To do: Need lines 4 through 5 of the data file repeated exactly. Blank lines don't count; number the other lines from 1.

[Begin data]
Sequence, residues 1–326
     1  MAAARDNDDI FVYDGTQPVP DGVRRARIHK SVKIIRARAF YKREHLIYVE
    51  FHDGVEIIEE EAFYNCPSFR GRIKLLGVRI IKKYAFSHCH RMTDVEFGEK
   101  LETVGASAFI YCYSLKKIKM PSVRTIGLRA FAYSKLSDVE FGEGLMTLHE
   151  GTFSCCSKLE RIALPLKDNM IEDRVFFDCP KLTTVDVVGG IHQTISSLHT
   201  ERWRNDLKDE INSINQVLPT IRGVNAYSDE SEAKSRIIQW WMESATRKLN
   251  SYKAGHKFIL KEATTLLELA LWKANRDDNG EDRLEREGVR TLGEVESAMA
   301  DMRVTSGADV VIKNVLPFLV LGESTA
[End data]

   101  LETVGASAFI YCYSLKKIKM PSVRTIGLRA FAYSKLSDVE FGEGLMTLHE
   151  GTFSCCSKLE RIALPLKDNM IEDRVFFDCP KLTTVDVVGG IHQTISSLHT